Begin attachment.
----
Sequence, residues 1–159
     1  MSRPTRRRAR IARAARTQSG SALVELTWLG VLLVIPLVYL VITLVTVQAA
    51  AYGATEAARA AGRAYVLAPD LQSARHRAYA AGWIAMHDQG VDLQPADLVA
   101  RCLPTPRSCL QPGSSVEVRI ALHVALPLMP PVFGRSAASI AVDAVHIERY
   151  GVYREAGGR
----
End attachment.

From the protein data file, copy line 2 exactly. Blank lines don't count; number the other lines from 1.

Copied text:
     1  MSRPTRRRAR IARAARTQSG SALVELTWLG VLLVIPLVYL VITLVTVQAA